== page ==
Dr. Moreau: What is the law?
Sayer of the Law: Not to spill blood, that is the law. Are we not men?
“Are we not men?” That question is at the heart of the 1932 Island of Lost Souls (Criterion), the first adaptation of the H.G. Wells novel and (for all the changes from the novel) still the defining one. It’s also been the hardest to see. Though it was released on VHS and on laserdisc, it rarely showed on TV or cable and its arrival on DVD comes decades after the classic horrors of the thirties — Frankenstein, Dracula, Freaks, The Mummy, The Black Cat and so on — have been released. As a result it’s more known about than seen, more often a footnote in conversations about the early days of horror, when in fact it’s one of the most transgressive films of its era.
Charles Laughton enters the film as Dr. Moreau in the white linen suit of a plantation owner or a southern slaver. Once he cracks his ever-present whip to send the “natives” scurrying in fear, the resemblance is sealed, but that’s just the beginning of his brutal identity.
“Do you know what it means to feel like God?” he boasts, but he’s more a demon in the devil’s workshop transforming beasts into human-like creatures. Whether they are men is an open question, but they certainly aspire to manhood in their creation of community and adherence to laws. Whether Dr. Moreau, a vivisectionist who seems to enjoy the pain he inflicts, has sacrificed his humanity is more to the point.
Arrogant and unfeeling, he’s the proto Dr. Mengele, the master-race scientist who operates on his subjects without anesthesia or compassion in an operating room he calls “The House of Pain.” (In the era before DNA and genetic engineering, his operations are all grafts and transplants.) “This time I’ll burn out all the animal in her,” he swears as his prized project Lota (Kathleen Burke) reverts back to her feline roots. It’s as much a threat as it is a statement of purpose, a promise of terrible pain that evokes torture and hellfire. And as he plots to pair off Panther Woman Lota to his castaway guest (Richard Arlen) to procreate, he’s essentially experimenting with bestiality. No wonder this was banned in Britain for decades.
Though it is currently owned by Universal, Island of Lost Souls was produced by Paramount and its atmosphere is appropriately less Universal gothic than Paramount elegance. The Karl Struss cinematography shrouds the horrors in a perpetual fog that hugs the sets and licks the sea like the lace of a costume. Shot almost entirely within the studio, from ships in misty water tanks to a densely-fabricated jungle, it suggests the primitive and the perverse, a feral world as claustrophobic as it is intimidating. Howls are heard through the fog and beyond the trees and screams cut through the night. The villa compound, with its restraining walls and locked gates, isn’t civilization in the wild, it’s a safety zone on a prison island populated by prisoners of their own unsure identity. Moreau is their God-king as warden, the cruel despot who demands complete obedience and receives his just deserts in a satisfying yet grotesque twist of poetic irony. Because the law-giver cannot escape his own law.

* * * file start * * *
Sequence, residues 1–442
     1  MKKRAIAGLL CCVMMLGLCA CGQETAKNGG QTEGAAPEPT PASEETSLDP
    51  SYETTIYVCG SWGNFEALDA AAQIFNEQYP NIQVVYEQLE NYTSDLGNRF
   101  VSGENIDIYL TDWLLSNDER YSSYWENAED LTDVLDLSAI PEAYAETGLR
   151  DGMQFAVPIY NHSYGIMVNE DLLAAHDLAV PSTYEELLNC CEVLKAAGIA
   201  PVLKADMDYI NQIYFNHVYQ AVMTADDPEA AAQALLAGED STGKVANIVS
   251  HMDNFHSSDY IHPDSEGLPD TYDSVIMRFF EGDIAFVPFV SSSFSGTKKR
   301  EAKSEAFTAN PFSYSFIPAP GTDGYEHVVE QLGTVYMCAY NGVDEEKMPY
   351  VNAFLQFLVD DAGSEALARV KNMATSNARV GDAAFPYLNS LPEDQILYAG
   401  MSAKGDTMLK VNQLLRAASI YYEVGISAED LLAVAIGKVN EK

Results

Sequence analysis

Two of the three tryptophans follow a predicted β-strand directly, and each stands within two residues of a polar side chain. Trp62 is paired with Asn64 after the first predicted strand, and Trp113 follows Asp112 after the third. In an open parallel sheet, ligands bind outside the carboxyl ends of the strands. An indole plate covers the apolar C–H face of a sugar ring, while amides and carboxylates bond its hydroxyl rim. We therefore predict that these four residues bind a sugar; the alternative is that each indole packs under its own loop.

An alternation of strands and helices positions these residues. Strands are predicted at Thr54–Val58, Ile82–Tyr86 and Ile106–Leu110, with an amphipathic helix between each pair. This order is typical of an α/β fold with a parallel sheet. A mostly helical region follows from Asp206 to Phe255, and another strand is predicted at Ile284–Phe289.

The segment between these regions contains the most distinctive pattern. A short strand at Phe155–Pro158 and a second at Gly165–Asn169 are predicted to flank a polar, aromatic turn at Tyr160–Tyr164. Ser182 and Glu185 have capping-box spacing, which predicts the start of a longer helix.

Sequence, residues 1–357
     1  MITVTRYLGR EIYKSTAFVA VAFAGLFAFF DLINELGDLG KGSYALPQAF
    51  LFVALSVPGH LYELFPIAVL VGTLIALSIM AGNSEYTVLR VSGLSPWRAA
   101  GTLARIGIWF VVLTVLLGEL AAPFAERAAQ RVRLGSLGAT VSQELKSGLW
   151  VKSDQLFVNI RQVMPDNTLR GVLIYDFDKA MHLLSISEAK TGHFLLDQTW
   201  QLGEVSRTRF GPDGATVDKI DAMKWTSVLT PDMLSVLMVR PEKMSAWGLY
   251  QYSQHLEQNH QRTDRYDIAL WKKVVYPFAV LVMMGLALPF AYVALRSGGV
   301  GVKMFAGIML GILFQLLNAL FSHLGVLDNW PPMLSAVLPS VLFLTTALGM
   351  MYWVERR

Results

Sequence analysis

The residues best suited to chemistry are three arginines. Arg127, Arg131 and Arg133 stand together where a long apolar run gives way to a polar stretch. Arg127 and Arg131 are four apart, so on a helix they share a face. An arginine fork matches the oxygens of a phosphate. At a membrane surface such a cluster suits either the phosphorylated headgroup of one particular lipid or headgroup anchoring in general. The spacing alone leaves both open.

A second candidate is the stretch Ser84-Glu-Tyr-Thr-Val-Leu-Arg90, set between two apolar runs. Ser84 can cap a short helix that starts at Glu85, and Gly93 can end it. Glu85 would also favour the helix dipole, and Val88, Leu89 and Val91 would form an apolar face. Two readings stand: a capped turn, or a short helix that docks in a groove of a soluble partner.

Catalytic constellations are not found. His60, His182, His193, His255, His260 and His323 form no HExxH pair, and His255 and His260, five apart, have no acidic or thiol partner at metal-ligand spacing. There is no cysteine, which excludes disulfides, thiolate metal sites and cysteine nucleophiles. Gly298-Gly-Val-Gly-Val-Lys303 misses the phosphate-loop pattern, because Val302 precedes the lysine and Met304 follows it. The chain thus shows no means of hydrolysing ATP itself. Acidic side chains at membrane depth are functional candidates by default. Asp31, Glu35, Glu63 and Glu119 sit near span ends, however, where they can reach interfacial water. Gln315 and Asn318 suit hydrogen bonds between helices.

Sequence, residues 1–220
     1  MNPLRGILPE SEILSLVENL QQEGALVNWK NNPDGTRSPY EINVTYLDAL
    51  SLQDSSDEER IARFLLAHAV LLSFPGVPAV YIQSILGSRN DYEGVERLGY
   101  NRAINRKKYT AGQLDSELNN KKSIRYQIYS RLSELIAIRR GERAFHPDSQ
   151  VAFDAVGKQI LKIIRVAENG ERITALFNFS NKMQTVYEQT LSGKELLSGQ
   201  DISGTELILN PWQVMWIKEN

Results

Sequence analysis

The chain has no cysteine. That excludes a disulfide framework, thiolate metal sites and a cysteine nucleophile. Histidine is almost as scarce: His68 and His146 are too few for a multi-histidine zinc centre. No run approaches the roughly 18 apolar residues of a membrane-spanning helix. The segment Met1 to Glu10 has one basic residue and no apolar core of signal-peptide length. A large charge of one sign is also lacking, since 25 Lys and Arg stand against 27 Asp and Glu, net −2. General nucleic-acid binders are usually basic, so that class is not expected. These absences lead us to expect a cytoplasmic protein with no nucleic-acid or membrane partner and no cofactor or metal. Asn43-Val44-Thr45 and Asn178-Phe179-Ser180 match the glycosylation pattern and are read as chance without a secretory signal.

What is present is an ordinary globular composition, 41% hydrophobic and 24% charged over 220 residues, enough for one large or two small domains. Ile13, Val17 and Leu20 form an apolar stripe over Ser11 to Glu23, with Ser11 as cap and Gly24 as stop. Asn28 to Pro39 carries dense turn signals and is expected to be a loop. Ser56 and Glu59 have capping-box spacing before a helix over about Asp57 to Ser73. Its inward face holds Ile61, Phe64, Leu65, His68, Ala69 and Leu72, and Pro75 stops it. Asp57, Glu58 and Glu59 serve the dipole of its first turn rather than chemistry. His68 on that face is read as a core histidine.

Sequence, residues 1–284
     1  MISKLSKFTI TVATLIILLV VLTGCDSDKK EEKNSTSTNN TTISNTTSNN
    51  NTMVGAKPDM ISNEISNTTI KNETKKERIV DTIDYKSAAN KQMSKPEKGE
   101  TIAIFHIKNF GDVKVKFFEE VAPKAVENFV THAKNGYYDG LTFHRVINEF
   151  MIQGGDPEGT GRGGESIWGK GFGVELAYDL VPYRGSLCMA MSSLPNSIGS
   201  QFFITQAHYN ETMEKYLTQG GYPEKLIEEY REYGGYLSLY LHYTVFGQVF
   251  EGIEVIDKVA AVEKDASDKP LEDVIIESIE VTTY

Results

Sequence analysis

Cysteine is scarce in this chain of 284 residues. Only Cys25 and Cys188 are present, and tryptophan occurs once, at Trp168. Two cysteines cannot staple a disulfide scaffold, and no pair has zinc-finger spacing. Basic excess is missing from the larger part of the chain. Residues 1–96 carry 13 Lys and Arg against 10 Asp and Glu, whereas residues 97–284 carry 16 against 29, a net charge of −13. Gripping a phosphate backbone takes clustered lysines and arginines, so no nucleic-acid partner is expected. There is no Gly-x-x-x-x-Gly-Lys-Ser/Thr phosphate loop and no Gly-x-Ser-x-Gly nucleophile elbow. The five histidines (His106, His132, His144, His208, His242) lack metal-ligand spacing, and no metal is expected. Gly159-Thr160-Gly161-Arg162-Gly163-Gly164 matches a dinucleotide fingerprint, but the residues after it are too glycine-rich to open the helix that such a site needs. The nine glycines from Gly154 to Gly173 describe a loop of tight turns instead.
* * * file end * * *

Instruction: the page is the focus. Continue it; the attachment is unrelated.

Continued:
The quality of the print is likely the reason this film took so long to come to DVD. The original negative is long lost and Criterion has pieced together the best possible version from multiple sources, from a damaged fine-grain 35mm positive to a 16mm print from a private collector, and digitally repaired as much damage as possible. The resulting master is hardly pristine and softer than ideal but it’s the best it has ever looked on home video, and the most complete.
Criterion releases DVD and Blu-ray editions, both with commentary by film historian Gregory Mank and new interviews, including a 16-minute video conversation with director John Landis, make-up legend Rick Baker and historian Bob Burns, three guys who know their horror movie (and horror movie make-up) history. Also features new video interviews with horror movie historian David J. Skal, director Richard Stanley (the original director of the 1996 remake), and Gerald Casale and Mark Mothersbaugh of Devo, plus a 1976 short film by Devo that pays tribute to the film and a booklet featuring a new essay by writer Christine Smallwood.